Crisis, what crisis? Four years that shaped Manufacturing Change
Sometimes it takes huge disruptive events to instigate change and since we’ve been running our state of UK manufacturing industry report with Professional Engineering magazine over the last four years we’ve moved from crisis to crisis. So how has that shaped our industry now and for the future?
Casting our minds back to early 2020 when we were coming out of the turbulence caused by Brexit, our report found some good reasons to be positive. Plans were in place for digital transformation with almost a quarter planning to invest in the next 12 months and 63% stating that it was necessary for their future.
We still had challenges to face with 88% of respondents saying their business’ manufacturing services were less than 50% automated and many stating that there was a real problem with the workforce and “their attitude toward the changing way of working”.
Little did we know what was just round the corner…
The Covid years
By the time of our second report, many of us were getting used to a whole new way of working and many businesses had been shutdown or at least on limited production with its workforce on furlough.
There were huge ramifications across all industries. Our survey showed that the coronavirus pandemic sped up ongoing transitions as business sought efficiency gains to help keep prices down.
When asked about which words they associated with manufacturing both “robots and automated processes” and “designing” shot up the list compared to the previous year. Not surprisingly three quarters (74.8%) said they expected automation in their business to increase over the next five years, up from 62.5% in 2019.
Move on another year to 2021 and things began to look brighter as we started to come out of lockdown. The economy was recovering and demand was increasing albeit there were some supply chain issues as suppliers only just began to increase their own operations.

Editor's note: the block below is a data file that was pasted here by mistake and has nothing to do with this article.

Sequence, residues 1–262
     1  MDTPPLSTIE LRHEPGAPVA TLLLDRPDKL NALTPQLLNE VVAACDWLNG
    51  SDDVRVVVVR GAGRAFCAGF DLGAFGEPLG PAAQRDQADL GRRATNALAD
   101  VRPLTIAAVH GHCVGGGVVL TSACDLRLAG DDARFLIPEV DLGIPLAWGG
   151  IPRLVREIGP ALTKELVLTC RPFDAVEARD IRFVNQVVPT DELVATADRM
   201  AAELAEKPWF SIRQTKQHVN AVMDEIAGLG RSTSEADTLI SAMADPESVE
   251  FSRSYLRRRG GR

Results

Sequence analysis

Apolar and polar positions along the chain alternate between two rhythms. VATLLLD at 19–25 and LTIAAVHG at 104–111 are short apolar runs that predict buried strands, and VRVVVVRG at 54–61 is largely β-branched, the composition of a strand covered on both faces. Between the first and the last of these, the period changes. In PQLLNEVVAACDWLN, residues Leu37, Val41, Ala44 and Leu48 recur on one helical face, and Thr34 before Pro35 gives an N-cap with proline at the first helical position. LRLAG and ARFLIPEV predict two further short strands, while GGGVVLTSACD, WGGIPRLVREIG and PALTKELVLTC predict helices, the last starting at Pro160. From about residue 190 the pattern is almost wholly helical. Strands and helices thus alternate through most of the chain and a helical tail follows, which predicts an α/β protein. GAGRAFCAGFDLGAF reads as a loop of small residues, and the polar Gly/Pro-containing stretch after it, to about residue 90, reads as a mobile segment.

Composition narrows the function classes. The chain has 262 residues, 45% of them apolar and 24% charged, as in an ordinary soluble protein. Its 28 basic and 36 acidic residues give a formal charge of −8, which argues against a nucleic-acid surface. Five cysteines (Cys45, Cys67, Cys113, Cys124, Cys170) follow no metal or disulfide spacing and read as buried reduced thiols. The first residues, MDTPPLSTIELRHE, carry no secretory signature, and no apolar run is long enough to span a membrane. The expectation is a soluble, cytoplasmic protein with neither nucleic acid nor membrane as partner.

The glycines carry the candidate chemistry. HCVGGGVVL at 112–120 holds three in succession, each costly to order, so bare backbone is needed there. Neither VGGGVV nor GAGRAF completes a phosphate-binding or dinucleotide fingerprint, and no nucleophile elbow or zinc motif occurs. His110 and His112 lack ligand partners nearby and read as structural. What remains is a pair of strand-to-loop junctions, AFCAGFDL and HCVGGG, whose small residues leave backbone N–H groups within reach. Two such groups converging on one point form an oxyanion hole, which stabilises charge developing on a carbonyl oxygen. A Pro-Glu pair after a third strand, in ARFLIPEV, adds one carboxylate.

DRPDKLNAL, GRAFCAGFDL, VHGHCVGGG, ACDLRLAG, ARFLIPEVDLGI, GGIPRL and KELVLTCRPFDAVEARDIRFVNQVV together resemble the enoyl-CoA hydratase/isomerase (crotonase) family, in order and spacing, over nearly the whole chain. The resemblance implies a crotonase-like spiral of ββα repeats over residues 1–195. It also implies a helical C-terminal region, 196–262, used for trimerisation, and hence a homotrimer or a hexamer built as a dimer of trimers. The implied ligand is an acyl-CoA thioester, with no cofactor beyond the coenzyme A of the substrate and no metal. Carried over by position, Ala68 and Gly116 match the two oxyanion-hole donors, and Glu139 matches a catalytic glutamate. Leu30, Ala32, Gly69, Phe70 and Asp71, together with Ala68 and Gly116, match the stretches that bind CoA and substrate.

The report did highlight that those who did best in the previous year were nimble enough to adapt and people rated responsiveness as one of the most important factors for success.
This was seen with an increased focus on innovation with 41% planning to invest over the course of the next 12 months, compared to just 30% in 2020. Perhaps this was a sign that businesses wanted to invent their way out of some of the problems facing the world.
Many engineers saw the benefit of remote working with one respondent talking about the “speed of transfer of design concepts and communication, as the greater bulk of work is carried out virtually and remotely.” Others pointed to the potential of remote monitoring. Automation also remained a key aim with half of those surveyed expecting it to increase in their business over the next 12 months.
From one crisis to another
And so, we move to this year’s manufacturing report which has only just been published. It has become more than apparent that innovation is now much more than just a buzzword.
Covid is still having an effect on our workforce, and supply chains are still disrupted due not only to lockdowns elsewhere but now a war in Europe. It seems that over the last few years we have seen constant challenges and change – first the after effects of Brexit, then Covid and now energy and raw material shortages.
When it comes to investment over the next 12 months innovation remains in the top spot with 40% of respondents selecting it as one of their most important investment areas – which is actually a slight drop of 1% from last year.
Robots and automation were in the top five phrases associated with manufacturing which suggests an ongoing need to streamline processes.
For many, innovation means a focus on sustainability. Manufacturing is particularly vulnerable to energy market prices and net zero targets plus customer demand means that new processes, materials, energy saving and carbon capture are now firmly on the agenda.
For some industries the question of sustainability is particularly pertinent, notably in consumer electronics. A different survey from us into this industry reveals that 54% of those asked say that they could go out of business in a few years if they cannot demonstrate their sustainability credentials.
Overall, these turbulent years see manufacturing coming out leaner, fitter and more digitally connected than before. According to one respondent from the Professional Engineering report, “Manufacturing companies can factually define their capabilities, use data to improve, innovate and provide real-time engagement with their customers.”
Challenges undoubtedly remain, but the last four years have shown the importance of agility and constantly adapting to meet new challenges. It leaves manufacturers better able to meet new challenges head on and not just survive but prosper.